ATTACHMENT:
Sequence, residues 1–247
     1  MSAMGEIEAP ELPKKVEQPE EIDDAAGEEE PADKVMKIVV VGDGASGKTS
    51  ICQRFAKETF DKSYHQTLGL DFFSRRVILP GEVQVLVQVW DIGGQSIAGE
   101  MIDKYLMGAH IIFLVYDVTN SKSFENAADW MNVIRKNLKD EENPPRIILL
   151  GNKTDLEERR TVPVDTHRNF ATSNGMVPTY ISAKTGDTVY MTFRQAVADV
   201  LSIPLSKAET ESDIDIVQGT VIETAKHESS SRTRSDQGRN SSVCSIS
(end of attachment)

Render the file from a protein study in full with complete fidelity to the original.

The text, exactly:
Sequence, residues 1–247
     1  MSAMGEIEAP ELPKKVEQPE EIDDAAGEEE PADKVMKIVV VGDGASGKTS
    51  ICQRFAKETF DKSYHQTLGL DFFSRRVILP GEVQVLVQVW DIGGQSIAGE
   101  MIDKYLMGAH IIFLVYDVTN SKSFENAADW MNVIRKNLKD EENPPRIILL
   151  GNKTDLEERR TVPVDTHRNF ATSNGMVPTY ISAKTGDTVY MTFRQAVADV
   201  LSIPLSKAET ESDIDIVQGT VIETAKHESS SRTRSDQGRN SSVCSIS